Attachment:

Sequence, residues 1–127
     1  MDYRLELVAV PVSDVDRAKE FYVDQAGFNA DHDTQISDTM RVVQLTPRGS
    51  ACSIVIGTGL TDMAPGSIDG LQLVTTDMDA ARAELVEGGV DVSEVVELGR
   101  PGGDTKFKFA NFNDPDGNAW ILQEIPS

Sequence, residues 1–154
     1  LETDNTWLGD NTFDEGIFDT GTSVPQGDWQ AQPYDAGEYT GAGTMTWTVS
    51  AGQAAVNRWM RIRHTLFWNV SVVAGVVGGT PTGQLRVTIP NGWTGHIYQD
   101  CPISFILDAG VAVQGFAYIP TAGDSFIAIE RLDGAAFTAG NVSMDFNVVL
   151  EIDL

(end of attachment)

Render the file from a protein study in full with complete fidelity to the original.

Sequence, residues 1–127
     1  MDYRLELVAV PVSDVDRAKE FYVDQAGFNA DHDTQISDTM RVVQLTPRGS
    51  ACSIVIGTGL TDMAPGSIDG LQLVTTDMDA ARAELVEGGV DVSEVVELGR
   101  PGGDTKFKFA NFNDPDGNAW ILQEIPS

Sequence, residues 1–154
     1  LETDNTWLGD NTFDEGIFDT GTSVPQGDWQ AQPYDAGEYT GAGTMTWTVS
    51  AGQAAVNRWM RIRHTLFWNV SVVAGVVGGT PTGQLRVTIP NGWTGHIYQD
   101  CPISFILDAG VAVQGFAYIP TAGDSFIAIE RLDGAAFTAG NVSMDFNVVL
   151  EIDL